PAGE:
As you have seen, early marriage is associated with many health and social consequences which could be prevented if the community has sufficient knowledge and the law is enforced.
Marriage by abduction is the unlawful carrying away of a woman for marriage. It is a form of sexual violence against the woman. The would-be abductor forms a group of intimate friends and relatives to kidnap the girl without the slightest clue or information being given to the girl’s family, relatives or friends. In some cases abduction is followed by rape.
Marriage by abduction is prevalent in Ethiopia. According to a study conducted in 2005 8% of women of reproductive age reported that they had been married by abduction. Figure 5.5 shows that it is more common in Oromia (11%) and SNNPR (13%) but less common in some other region, e.g. Tigray (1.4%), and Amhara (2.4%).
The reasons for marriage by abduction include:
Some of the harmful effects include:
Polygamy is a common practice in Ethiopia. It is a form of marriage in which a person marries more than one spouse. Polygyny (from Greek words: poly = many; gyny = woman) refers to a polygamy in which a man has two or more wives. About 12% of married women in Ethiopia are in polygynous unions (see Figure 5.6). It is usual for a young girl to be married to an older married man.
Who do you think should choose the husband for a young girl: the girl or her parents?
In most rural parts of Ethiopia, girls have no power to choose their husbands. It is usually their parents, particularly their father, who decides who they will marry and the marriage is usually arranged by the parents. It is the legal right of Ethiopian women to choose whom to marry and when to do it. However, their right is not respected and is almost always violated (usually by their parents).
What bad consequences can polygamy have on the sexual and reproductive life of young women?
Polygamy has multiple impacts on the reproductive health and overall life of young women, as you have just learned. It is usually a young woman who is given to a married man. That means the second or third wife is usually younger than the first wife. The young woman usually has less access to resources, little autonomy and no input into family decision making. This exposes her to many health problems including malnutrition of herself and her children. As her husband has multiple sexual partners (i.e. more than one wife), she may be at risk of STIs, including HIV, and then developing AIDS.
This is obviously a difficult and sensitive subject for you to discuss with people in your community. It may help if you make it widely known that the Ethiopian government and religious leaders, including Islamic and Christian, have taken a lead internationally in condemning HTPs.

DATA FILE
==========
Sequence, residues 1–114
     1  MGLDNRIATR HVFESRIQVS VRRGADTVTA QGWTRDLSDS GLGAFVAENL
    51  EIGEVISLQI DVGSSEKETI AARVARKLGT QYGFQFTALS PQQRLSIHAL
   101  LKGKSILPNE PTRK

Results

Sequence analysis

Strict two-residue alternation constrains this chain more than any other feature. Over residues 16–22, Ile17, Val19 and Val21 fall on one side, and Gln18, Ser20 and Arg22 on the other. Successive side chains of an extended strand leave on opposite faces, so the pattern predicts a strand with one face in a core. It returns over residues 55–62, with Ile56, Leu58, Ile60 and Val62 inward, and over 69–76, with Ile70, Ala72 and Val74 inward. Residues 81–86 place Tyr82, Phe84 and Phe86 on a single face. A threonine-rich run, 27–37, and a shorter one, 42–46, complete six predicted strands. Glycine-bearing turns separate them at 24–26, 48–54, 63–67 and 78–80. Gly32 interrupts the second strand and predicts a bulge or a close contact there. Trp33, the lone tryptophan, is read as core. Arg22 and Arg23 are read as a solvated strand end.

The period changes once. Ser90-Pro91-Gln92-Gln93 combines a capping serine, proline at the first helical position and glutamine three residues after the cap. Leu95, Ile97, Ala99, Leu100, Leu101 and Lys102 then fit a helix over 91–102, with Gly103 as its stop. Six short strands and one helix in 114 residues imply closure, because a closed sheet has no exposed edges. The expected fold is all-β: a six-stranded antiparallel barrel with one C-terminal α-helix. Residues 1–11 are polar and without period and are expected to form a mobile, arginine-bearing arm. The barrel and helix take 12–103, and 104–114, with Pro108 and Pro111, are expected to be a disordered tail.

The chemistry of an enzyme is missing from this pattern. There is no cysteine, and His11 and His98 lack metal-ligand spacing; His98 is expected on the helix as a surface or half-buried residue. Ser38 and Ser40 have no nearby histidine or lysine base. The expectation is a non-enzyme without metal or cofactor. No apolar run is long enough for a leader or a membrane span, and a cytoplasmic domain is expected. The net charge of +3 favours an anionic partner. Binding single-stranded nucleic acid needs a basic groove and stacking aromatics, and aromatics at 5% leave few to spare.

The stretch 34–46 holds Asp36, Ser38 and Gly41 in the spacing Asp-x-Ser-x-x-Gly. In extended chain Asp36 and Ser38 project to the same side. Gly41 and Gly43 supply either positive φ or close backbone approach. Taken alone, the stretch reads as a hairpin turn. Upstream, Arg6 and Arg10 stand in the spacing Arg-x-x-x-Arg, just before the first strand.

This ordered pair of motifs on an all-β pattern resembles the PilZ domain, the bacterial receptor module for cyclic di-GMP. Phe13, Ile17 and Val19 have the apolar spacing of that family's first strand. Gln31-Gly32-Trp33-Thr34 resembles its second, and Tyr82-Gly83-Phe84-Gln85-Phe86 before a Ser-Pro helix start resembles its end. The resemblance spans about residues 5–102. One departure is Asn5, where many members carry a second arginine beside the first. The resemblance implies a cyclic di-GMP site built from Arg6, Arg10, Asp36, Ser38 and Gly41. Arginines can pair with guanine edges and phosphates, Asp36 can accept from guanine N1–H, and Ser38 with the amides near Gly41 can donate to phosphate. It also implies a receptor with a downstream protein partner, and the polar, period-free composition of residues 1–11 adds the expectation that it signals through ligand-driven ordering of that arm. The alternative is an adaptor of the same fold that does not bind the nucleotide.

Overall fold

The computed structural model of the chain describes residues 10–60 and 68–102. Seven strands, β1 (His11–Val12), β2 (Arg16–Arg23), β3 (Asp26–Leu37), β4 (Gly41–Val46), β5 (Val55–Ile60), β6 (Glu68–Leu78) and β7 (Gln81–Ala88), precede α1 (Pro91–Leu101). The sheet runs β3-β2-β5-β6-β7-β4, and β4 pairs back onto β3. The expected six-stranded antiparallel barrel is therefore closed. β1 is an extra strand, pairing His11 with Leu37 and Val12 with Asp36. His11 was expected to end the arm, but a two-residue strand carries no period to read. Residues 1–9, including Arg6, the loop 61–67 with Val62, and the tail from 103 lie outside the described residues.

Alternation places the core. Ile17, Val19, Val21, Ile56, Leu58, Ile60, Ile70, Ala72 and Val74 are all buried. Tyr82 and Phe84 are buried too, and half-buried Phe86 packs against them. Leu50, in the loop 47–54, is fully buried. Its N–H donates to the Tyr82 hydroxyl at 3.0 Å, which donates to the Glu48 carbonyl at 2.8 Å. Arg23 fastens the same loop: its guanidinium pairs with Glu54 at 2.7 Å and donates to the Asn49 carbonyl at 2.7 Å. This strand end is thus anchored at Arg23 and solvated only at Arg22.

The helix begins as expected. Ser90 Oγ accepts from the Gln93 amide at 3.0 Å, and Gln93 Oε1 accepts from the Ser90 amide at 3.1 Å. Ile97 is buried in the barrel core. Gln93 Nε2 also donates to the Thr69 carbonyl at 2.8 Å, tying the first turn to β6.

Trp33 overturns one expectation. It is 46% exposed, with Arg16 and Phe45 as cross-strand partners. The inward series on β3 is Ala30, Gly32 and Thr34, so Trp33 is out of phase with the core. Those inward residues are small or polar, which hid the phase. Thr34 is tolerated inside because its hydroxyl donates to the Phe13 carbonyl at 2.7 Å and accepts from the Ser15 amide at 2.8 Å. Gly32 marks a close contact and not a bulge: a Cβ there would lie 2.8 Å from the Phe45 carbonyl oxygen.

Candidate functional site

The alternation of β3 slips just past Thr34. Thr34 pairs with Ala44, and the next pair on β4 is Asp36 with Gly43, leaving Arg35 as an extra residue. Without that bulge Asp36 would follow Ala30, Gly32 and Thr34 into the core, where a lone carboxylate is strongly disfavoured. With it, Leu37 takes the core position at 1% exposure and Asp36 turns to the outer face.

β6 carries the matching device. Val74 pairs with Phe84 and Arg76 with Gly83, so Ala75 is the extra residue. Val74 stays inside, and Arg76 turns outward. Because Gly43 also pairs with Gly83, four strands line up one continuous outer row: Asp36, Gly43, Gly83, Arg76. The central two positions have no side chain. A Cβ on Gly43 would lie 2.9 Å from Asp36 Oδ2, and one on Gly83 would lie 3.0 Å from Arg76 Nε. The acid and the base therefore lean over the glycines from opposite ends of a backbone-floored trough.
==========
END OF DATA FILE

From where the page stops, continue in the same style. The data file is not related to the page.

When raising awareness who should you target?
Everyone in the community but especially young people, men, community leaders, religious leaders and the women who perform FGM or encourage HTPs.
In particular, you need to work with both Islamic and Christian religious leaders as some of the justifications for practising harmful traditional practices are incorrectly linked to religions. Most religious leaders teach their followers about the position of their religion with regard to such practices which will help your effort in educating your community. It is crucial that you attempt to educate practitioners of HTPs about the dangers of such practices.
You should also mention that the Ethiopian law is against FGM, marriage by abduction and early marriage.
It is important to use educational activities to address the community’s perceptions that there are advantages to practising FGM. This can often be done effectively if you can describe a case study of one of the traditional harmful practices. It is even more effective if a girl who has first hand experience of a HTP is willing to discuss her problems as an example to others.
If people in your community have suffered from HTPs and are willing to talk to you, you can help by listening in a sympathetic and non-judgemental way. There may also be some medical assistance you can offer, but you need to refer them to the next level of facilities for better psychosocial support and medical assistance.
In Study Session 5, you have learned that:
Now that you have completed this study session, you can assess how well you have achieved its Learning Outcomes by answering these questions. Write your answers in your Study Diary and discuss them with your Tutor at the next Study Support Meeting. You can check your answers with the Notes on the Self-Assessment Questions at the end of this Module.
Kedija is a 15-year-old girl living with her parents in a rural village. Her father and mother decide she should marry an older merchant in his 50s who lives in the neighbouring town. Her parents are convinced that she would have a better future if she married an older man.
In Case Study 5.2 you read that Emebet was married when she was 15-years-old. Explain how this early marriage caused her harm.
Emebet has faced many health consequences of early marriage including having a stillbirth and a vesico-vaginal fistula. These complications needed prolonged treatment and when she returned to her village she found her husband had remarried. As a result of being divorced and ill she developed psychosocial problems including feelings of loneliness, isolation and depression.